Impression Share

Impression Share

Impression share, or search impression share, is an important KPI for any type of business who are relying on PPC for their digital marketing strategy. It shows you whether or not your ads are getting as many impressions as they could be. To learn why this is important and how to optimize it for your business, keep reading below!

TRACK YOUR IMPRESSION SHARE

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What is impression share?

Impression share is a fairly self-explanatory metric, it simply refers to what share of the possible impressions for your chosen keywords your ad campaign is getting on the search network of the most popular search engines. Similarly, there’s “absolute top impression share” which measures what percentage of your advertisements are being shown in the top position on searches for your targeted search terms. There can only be one of these for each search so this number will always be lower than the overall search impression share. Impression share is an important competitive metric for understanding your ad rank.

There are quite a lot of different types of impression share variations. On paid search, for example, you are able to track your bing or google ads impression share at the search campaign level, ad group level, and even at the keyword level. You’ll also be able to compare metrics with the search lost impression share, which will give you the share of impression that you lost instead of gained. Those 2 metrics show account for a total of 100% impression. Alternatively, if you have display or shopping campaigns, your ads are probably running on the display network, for this scenario you might want to look at the display impression share, as it gives you an idea of the percentage of impressions that your display ads were able to get.

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How to calculate impression share

To calculate your ad’s impression share, all you have to do is take the total number of impressions your advertisement gets in any given time period and divide that by the number of total impressions your advertisement could have been eligible for. There are many factors that contribute to your number of eligible impressions, including your targeting settings and the perceived quality of your ad.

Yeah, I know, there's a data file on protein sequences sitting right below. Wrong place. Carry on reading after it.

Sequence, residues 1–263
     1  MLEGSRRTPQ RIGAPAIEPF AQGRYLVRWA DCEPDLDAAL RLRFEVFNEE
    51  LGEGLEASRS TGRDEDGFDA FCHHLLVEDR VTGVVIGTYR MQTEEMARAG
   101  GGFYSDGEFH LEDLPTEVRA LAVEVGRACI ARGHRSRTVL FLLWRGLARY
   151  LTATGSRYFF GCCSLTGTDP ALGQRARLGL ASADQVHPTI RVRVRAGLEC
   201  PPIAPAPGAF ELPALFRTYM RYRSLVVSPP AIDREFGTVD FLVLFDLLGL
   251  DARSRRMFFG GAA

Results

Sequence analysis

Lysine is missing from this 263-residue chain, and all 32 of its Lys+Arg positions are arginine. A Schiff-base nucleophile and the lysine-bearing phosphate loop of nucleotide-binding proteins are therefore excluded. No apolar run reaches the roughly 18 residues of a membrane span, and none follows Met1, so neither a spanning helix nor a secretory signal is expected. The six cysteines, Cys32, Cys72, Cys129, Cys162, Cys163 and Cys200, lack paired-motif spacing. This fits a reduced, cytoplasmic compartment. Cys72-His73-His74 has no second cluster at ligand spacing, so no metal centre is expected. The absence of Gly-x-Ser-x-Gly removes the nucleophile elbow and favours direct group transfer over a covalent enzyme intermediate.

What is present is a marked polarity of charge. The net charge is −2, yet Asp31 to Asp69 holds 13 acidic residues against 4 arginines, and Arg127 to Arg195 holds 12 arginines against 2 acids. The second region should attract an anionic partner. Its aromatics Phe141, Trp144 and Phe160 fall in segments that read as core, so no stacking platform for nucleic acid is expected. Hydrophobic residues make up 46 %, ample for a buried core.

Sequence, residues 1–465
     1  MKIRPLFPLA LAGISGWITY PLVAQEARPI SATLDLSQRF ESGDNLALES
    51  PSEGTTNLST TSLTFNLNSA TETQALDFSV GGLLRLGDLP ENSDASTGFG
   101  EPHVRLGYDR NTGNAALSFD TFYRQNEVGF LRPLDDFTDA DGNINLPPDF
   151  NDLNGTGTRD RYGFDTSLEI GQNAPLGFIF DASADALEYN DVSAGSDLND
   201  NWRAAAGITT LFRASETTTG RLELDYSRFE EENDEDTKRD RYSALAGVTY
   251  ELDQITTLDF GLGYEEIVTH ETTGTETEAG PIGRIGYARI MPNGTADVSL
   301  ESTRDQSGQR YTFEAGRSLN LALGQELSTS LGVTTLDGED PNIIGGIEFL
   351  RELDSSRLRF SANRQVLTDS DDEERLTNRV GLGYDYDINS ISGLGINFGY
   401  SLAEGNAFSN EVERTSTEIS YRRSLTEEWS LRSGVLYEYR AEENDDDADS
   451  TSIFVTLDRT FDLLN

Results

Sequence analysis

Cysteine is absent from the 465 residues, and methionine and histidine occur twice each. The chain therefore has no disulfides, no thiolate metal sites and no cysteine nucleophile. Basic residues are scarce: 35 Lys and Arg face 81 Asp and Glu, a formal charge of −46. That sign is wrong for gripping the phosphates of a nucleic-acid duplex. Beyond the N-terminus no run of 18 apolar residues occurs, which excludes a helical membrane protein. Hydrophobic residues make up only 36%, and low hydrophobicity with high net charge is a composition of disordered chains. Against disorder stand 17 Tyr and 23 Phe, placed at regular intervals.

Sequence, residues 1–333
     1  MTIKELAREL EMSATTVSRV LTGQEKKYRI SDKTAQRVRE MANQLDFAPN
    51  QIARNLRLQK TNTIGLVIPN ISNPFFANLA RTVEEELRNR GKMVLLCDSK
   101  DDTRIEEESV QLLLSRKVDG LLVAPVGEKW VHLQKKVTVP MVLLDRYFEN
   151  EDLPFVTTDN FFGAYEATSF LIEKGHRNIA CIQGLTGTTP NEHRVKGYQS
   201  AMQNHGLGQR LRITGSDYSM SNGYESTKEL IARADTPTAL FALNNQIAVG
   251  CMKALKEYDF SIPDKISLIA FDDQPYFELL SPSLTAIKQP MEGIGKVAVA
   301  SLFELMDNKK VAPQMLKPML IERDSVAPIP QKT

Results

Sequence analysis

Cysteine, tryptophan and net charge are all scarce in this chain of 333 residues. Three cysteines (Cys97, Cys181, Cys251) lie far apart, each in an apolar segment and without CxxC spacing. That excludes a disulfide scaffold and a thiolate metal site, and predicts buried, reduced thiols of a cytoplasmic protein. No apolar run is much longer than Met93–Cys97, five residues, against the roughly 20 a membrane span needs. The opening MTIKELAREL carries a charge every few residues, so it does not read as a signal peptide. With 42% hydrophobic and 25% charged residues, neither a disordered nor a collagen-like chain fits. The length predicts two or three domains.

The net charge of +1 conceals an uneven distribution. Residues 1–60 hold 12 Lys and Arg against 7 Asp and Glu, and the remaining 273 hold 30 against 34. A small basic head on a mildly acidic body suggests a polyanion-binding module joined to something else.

Impression share formula

 

Impression share = impressions / total eligible impressions

What is a good impression share?

The impression share that you should push for depends highly on how popular the keywords you’re vying for are. If you’re using unbranded and relatively unique keywords, it’s good to try to have an impression share of at least 90-95%, but for more popular keywords or if you have a limited budget, 60% is a good benchmark. Keep in mind that with broader search terms, the available impressions will be much higher than for exact match terms. Make sure to track your exact match impression share to give you a better idea of the performance of your most important keywords.

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What is a bad impression share?

A bad impression share is a number low enough that you’ll miss a large portion of your target market. Typically anything 50% or below is considered a bad impression share and means you should tweak your advertisement for quality to try to gain more popularity with the auction system. There are a couple of reasons you might have a bad impression share: your daily budget could be too little for your ad account, maybe your CPC is too low so you are losing impression shares or maybe there’s an issue with your ad’s quality score, you might want to review your ad’s copy those to try to improve your CTR in that case.

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Impression share best practices

Here are some of the best practices you should keep in mind when assessing and learning from your account’s impression share data. Impression share metrics can be a valuable resource to help you get the most value for your money in PPC (pay-per-click) advertising and rank at the top of the search results.

Impression share best practices

step 1 icon Use targeted ads

If your display impression share is low, it could be because your Google ads are too broad or generic. Make sure to specifically address your target market and are relevant to the product or service you provide so your website will be an exact match to what customers are looking for.

step 2 icon Focus on your quality score

A large part of getting your impression score raised is having the best quality score you can get, so work to make sure your Google ads, landing page, and website are all streamlined and put together and are relevant to one another. Not only will this improve your impression share, but it’s also a good practice in online advertising overall.

step 3 icon Pay attention to your conversion rate

Impression share is an important metric, but it doesn’t matter a bit if nobody is clicking on your ad when you see it. Pay attention to your conversion rate, and avoid increasing your funding if it’s below 1%. It’s probably time to change something about your PPC campaign.

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